Monday, September 3, 2012
Robert Weisberg (Stanford Law School) has posted Reality-Challenged Philosophies of Punishment (Marquette Law Review, Vol. 95, No. 4, 2012) on SSRN. Here is the abstract:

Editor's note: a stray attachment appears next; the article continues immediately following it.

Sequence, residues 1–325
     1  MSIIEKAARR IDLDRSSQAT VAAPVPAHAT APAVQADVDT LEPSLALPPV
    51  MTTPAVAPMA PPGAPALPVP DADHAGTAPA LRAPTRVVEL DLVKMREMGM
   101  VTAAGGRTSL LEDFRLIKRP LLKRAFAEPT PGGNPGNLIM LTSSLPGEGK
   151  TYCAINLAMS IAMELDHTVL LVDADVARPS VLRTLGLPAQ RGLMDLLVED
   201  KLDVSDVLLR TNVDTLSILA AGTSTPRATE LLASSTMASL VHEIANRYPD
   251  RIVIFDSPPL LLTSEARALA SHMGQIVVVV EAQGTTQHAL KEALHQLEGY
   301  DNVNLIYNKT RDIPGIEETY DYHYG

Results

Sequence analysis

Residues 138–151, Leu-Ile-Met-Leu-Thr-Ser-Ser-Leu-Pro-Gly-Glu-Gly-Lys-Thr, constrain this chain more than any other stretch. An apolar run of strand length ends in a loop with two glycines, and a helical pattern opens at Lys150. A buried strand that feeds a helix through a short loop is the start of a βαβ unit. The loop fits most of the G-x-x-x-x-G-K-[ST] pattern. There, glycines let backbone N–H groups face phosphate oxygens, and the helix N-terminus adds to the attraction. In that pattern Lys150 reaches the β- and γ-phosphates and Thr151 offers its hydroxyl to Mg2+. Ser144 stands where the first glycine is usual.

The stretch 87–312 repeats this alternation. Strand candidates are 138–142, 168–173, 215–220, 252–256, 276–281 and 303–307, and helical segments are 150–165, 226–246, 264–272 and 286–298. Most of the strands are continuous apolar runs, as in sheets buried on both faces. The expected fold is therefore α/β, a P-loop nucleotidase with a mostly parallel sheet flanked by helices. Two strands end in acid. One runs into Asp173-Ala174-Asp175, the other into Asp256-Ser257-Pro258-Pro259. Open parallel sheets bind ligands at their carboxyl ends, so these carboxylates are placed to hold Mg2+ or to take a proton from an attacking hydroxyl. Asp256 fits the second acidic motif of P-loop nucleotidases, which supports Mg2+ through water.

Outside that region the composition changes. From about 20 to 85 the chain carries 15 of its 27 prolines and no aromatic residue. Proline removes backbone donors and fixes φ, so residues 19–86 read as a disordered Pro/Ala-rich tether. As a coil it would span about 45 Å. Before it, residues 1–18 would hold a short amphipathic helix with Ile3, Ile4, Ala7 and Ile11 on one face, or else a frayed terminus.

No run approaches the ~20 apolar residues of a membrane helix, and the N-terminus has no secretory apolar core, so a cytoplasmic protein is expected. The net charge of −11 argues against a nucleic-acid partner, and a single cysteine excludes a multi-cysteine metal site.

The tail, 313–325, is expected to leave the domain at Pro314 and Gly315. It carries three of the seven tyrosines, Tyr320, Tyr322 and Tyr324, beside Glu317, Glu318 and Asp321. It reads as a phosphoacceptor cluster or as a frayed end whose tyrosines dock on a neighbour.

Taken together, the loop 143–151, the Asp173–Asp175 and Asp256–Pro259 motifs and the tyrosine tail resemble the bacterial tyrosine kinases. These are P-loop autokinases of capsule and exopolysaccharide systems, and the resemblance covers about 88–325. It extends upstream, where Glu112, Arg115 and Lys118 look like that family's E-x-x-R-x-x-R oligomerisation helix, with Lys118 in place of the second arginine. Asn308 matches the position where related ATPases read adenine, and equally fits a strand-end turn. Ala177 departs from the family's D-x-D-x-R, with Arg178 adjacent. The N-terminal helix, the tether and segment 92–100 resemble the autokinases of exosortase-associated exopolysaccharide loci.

This paper, derived from the 2012 Barrock Lecture delivered at Marquette University Law School, explores the radical disconnection between the contemporary jurisprudence of punishment in the American academy and the raw facts of American imprisonment, the condition generally decried as “mass incarceration.” Most obviously, retributivism, which has been the dominant purported rationale for American punishment over the last 40 years and also the dominant force modern philosophical debates about the purposes of punishment, pays virtually no heed to the anomaly that we have the highest imprisonment rate in the nation’s history and arguably the highest in the world. More specifically, while relying on assumptions about moral desert and proportionate penalty, retributivism ignores that our system takes its heaviest toll on, and arguably worsens the social and economic condition of, poor minority men of limited education, and that it imposes a lifetime economic penalty far behind the loss of liberty and income during the time of incarceration.Thus, I pose the general question of in what sense philosophies of punishment should be “accountable” for the facts of the real world. Did academic retributivism influence the rise of political retributivism as a force behind our increased reliance on prison? Can retributivism justify the arguably disproportionate penalties imposed on prisoners, once we take lifetime economic disruption and wider metastatic effects into account? Or should retributivists criticize modern imprisonment precisely because it does not survive retributivist scrutiny, or, in light of those facts, does it need to revise its notions of desert and penalty? In addition, I ask whether deterrence theory or incapacitation theory can explain or justify the state of imprisonment, and whether rehabilitation is a meaningful concept in a world where the experience of imprisonment probably does nothing to reduce future crime except by incapacitating inmates until they are too old to be dangerous. Overall, I argue that philosophies of punishment must engage in some dialectical self-scrutiny at a time of our incarceration anomaly.